Google Pixel XL Unboxing & Initial Review!

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Okay, let’s go ahead and unbox this bad boy. Inside the box, you will find the Google Pixel XL, wow. This looks like a solid phone. There is a pouch with a bunch of manuals and SIM ejection tool. Pixel uses USB Type C so it comes with a USB Type C cable for connecting to your computer or charging. There’s also a USB Type C OTG adapter so you can transfer data from other smartphones or use a USB flash drive with it.

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Inside the hidden compartment we find AC adapter rated for 5V 3 amps and 9V 2 amps, most likely Quick Charge 2.0 compatible. Here we find another USB Type C cable but this one is USB Type C to Type C.

That’s pretty much it inside the box. My first impressions of the Pixel XL is rather mixed. First, let’s start with the feel. The Pixel XL is a 5.5-inch device with all-metal unibody design very similar to HTC 10. It feels much heavier than my S7 Edge and indeed it is 11 grams heavier at 168 grams for weight. But the phone feels super solid, perhaps the most solid Google phone I have held. One of the biggest problems with 6P was its bend issue. With the new Pixel XL, it is very very solid. Check out JerryRigEverything’s bend test video on the Pixel XL if you don’t believe me.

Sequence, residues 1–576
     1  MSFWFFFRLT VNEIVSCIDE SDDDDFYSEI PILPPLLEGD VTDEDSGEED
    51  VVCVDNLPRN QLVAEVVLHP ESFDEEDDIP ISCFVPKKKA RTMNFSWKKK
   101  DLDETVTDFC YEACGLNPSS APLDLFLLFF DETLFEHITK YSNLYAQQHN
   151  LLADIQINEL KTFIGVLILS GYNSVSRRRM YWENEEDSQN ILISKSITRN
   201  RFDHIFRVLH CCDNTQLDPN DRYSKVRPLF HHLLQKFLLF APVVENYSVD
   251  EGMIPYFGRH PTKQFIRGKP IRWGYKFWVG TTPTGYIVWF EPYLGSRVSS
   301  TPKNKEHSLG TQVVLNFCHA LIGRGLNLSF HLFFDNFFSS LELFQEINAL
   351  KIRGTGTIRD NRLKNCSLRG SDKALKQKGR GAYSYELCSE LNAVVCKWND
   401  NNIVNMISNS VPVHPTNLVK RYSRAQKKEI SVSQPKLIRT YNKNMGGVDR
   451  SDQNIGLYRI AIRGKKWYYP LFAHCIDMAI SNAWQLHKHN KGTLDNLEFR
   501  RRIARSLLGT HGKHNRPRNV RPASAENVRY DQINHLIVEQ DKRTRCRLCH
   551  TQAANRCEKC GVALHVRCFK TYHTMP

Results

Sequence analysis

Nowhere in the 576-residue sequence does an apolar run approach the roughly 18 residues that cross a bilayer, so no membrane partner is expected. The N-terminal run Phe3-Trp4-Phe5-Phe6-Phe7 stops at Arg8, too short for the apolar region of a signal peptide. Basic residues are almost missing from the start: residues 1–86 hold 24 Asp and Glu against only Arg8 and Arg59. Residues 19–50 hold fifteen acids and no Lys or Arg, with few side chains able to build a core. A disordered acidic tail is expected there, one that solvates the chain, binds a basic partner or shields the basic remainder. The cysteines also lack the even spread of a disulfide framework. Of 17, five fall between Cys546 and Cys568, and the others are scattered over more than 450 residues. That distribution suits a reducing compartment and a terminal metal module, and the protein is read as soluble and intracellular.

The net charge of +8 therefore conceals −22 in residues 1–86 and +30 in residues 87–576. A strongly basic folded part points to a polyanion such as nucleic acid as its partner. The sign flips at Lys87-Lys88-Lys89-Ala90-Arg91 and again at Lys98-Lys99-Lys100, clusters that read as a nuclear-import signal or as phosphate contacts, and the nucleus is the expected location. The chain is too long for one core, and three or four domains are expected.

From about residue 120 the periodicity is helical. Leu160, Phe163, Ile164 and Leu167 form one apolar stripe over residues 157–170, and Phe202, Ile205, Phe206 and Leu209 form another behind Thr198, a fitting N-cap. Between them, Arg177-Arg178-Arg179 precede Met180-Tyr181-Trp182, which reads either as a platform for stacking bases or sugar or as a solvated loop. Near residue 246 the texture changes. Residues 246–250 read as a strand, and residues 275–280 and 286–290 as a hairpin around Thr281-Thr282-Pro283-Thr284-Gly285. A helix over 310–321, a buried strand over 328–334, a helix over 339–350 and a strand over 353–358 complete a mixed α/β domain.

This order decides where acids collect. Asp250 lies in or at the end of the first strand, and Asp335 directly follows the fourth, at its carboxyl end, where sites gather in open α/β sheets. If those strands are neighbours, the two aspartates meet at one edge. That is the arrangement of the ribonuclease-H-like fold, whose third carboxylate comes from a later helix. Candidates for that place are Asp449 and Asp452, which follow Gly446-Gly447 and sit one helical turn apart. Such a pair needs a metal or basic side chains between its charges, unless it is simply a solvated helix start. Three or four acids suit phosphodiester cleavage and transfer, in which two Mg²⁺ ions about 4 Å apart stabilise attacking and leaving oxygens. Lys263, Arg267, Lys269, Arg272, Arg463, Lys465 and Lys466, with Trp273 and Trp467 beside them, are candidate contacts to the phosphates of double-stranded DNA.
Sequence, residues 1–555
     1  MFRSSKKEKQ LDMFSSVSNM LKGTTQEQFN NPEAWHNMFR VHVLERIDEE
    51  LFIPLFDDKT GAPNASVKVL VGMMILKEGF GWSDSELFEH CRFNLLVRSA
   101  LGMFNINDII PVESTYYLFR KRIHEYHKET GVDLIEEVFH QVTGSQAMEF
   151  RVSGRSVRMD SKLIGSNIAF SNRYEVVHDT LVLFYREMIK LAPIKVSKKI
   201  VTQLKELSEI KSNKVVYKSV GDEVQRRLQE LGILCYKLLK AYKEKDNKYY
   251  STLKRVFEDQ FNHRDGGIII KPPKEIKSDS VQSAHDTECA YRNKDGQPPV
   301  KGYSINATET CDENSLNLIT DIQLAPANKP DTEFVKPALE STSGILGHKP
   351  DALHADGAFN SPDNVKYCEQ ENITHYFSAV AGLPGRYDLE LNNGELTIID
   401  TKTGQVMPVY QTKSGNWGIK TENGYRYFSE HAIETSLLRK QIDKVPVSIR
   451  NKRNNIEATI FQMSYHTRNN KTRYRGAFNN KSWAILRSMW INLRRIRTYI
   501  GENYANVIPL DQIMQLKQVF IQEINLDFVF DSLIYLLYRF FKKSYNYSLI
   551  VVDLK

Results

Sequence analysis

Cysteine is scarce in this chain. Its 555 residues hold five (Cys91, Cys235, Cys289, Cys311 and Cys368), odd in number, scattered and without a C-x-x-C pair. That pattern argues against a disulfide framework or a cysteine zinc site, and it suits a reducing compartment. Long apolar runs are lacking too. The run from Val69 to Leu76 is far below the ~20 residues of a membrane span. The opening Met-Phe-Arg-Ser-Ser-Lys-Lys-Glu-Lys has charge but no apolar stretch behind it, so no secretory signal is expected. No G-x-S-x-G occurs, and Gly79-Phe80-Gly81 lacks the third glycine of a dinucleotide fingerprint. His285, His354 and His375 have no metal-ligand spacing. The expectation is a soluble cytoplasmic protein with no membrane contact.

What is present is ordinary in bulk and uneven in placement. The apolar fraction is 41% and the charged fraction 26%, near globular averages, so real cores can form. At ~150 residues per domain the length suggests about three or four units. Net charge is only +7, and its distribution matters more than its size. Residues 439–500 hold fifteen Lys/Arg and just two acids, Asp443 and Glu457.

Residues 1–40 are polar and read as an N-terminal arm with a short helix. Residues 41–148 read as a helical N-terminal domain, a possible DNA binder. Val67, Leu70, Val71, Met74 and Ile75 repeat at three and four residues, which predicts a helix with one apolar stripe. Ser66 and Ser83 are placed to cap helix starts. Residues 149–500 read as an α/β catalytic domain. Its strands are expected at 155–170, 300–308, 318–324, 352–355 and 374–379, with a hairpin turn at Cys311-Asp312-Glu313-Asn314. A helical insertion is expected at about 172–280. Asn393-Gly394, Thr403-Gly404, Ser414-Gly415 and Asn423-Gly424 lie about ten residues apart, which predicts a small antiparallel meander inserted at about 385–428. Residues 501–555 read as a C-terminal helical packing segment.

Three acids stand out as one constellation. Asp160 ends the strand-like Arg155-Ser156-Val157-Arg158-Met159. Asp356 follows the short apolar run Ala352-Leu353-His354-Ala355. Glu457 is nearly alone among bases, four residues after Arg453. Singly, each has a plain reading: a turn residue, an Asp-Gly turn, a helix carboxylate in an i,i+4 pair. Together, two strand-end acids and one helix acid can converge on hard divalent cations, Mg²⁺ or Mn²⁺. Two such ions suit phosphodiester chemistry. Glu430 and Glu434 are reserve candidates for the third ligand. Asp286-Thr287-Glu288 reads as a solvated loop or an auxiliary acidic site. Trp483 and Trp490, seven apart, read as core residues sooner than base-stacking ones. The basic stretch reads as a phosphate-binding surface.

On the left side you will find a nano SIM slot and unfortunately it doesn’t have a microSD card slot. However, Google does give you unlimited cloud storage of your photos and videos in original resolution including 4K videos so long as they are shot with your Pixel phone. While this is a great idea for those of us with good internet, it may not be such a good option for those of you on limited cellular plans with slow WiFi. That is definitely a bummer for those of you who grabbed 32GB version like myself but you can always grab the more expensive 128GB version or use an OTG flash drive. But on the upside, Pixel phones have GSM and CDMA radios meaning you can use it on AT&T, T-Mobile, Sprint, or Verizon. I popped my Verizon SIM and got data and voice working right away.

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Max Lee

Max Lee is the founder of HighOnAndroid.com. Max makes Android tutorials and review videos for people who want to get high on Android over at his YouTube channel and Korean YouTube channel.

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